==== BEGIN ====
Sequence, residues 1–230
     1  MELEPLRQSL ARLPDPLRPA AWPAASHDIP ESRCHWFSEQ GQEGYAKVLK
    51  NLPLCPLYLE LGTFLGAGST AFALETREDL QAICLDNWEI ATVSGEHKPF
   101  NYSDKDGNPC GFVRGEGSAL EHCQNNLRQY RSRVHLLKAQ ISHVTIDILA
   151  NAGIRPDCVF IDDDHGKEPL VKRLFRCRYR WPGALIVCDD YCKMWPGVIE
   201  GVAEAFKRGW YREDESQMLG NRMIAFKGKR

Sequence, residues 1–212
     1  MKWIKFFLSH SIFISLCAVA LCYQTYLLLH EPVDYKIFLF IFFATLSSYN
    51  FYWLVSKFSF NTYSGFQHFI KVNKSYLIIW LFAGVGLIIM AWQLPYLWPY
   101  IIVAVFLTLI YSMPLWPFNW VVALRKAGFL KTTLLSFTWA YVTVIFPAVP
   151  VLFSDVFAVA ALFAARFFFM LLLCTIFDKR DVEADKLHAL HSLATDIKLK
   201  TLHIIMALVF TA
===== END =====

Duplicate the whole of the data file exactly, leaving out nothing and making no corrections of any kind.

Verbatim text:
Sequence, residues 1–230
     1  MELEPLRQSL ARLPDPLRPA AWPAASHDIP ESRCHWFSEQ GQEGYAKVLK
    51  NLPLCPLYLE LGTFLGAGST AFALETREDL QAICLDNWEI ATVSGEHKPF
   101  NYSDKDGNPC GFVRGEGSAL EHCQNNLRQY RSRVHLLKAQ ISHVTIDILA
   151  NAGIRPDCVF IDDDHGKEPL VKRLFRCRYR WPGALIVCDD YCKMWPGVIE
   201  GVAEAFKRGW YREDESQMLG NRMIAFKGKR

Sequence, residues 1–212
     1  MKWIKFFLSH SIFISLCAVA LCYQTYLLLH EPVDYKIFLF IFFATLSSYN
    51  FYWLVSKFSF NTYSGFQHFI KVNKSYLIIW LFAGVGLIIM AWQLPYLWPY
   101  IIVAVFLTLI YSMPLWPFNW VVALRKAGFL KTTLLSFTWA YVTVIFPAVP
   151  VLFSDVFAVA ALFAARFFFM LLLCTIFDKR DVEADKLHAL HSLATDIKLK
   201  TLHIIMALVF TA